Over sixteen million children between ages 5 and 17 are engaged in labour in South Asia, according to estimates from recent years, with the highest levels in absolute terms found in India, followed by Bangladesh, Pakistan and Nepal. The ILO’s Asia Regional Child Labour Project (ARC) was implemented in 2019 with the aim of reducing vulnerability to child labour and enhancing protection of children from exploitation in Afghanistan, Bangladesh, India, Nepal, Myanmar and Pakistan.
ECOPER has recently begun the ARC project’s midterm evaluation and has also conducted an evaluability assessment, which will serve as a source of information for the evaluation and the project team. The evaluation will assess the project’s regional and national implementation. National consultants in four countries – Bangladesh, India, Nepal and Pakistan – will conduct field work which includes site visits, with stakeholder interviews and focus groups, in addition to reviewing national documents. The mixed-method evaluation approach will also include an online stakeholder survey and interviews with the project team and key ILO staff. As a mid-term evaluation, the findings will inform the second phase of implementation until September 2023, when the project is due to finish.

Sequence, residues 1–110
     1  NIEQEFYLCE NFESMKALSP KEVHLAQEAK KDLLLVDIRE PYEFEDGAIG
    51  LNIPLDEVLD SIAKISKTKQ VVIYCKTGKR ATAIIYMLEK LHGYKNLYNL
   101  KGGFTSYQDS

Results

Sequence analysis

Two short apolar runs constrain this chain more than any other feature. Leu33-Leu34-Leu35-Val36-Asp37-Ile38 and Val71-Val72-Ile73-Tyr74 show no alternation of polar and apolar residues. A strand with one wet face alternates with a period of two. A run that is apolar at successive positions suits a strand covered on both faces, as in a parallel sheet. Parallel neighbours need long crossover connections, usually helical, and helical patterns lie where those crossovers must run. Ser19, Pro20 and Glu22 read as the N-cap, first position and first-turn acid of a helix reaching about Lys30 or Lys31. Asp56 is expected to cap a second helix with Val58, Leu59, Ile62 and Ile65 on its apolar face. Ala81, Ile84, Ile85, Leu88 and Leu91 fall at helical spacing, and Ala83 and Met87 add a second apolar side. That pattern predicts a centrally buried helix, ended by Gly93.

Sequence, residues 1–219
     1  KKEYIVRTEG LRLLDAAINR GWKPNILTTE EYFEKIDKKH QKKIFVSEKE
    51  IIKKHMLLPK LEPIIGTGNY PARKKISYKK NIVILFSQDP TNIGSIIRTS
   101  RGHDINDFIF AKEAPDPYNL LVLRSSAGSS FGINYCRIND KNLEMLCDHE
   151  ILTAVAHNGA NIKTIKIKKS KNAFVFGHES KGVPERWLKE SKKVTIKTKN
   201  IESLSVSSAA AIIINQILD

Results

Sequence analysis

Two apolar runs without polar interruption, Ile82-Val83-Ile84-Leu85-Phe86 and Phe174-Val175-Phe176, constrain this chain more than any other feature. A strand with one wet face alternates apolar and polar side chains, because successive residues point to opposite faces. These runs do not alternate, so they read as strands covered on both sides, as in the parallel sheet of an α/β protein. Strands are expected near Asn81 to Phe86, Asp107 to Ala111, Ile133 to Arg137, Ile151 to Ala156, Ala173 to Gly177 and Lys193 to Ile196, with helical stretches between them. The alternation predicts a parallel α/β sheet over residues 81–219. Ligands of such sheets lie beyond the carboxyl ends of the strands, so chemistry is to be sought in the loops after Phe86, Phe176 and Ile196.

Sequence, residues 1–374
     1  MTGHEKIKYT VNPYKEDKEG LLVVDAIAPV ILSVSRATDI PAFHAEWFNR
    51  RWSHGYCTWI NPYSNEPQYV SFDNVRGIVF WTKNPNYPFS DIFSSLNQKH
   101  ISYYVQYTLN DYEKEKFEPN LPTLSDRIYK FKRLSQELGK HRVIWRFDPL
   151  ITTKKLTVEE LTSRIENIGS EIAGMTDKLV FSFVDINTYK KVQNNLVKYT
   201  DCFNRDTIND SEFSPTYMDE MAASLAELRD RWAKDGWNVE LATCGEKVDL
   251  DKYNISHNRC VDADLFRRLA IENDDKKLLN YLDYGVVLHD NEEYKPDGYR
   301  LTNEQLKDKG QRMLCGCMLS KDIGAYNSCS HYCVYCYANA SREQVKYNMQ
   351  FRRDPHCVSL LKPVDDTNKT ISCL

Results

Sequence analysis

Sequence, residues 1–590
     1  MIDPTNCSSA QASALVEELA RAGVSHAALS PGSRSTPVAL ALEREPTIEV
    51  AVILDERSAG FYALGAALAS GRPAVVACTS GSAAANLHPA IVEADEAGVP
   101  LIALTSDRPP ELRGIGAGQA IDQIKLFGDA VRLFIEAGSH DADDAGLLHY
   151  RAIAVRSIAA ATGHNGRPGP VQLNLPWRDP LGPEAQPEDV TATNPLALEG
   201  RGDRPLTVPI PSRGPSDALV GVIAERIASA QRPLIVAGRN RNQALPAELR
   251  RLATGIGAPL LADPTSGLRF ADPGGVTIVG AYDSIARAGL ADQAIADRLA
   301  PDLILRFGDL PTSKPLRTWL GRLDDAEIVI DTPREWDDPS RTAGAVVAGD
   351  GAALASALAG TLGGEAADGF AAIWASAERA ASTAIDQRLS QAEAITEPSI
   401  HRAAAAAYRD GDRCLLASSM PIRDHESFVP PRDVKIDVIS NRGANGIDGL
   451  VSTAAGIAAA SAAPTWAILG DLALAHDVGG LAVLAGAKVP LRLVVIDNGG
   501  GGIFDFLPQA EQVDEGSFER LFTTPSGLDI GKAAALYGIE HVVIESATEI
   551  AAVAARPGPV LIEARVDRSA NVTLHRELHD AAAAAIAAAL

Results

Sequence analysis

The ARC project works towards three overarching objectives: building a credible knowledge base on the causes and drivers of child labour and effective interventions to address them; aligning legislation and policies with international conventions on child labour, forced labour and trafficking in persons and enforcing and implementing them; and developing and applying a holistic approach to eradicating child labour, particularly its worst forms, in selected regions of each country. It is funded by the United Kingdom Foreign, Commonwealth and Development Office with a view to contributing to achieving Sustainable Development Goal (SDG) Target 8.7, which includes ending child labour in all its forms by 2025.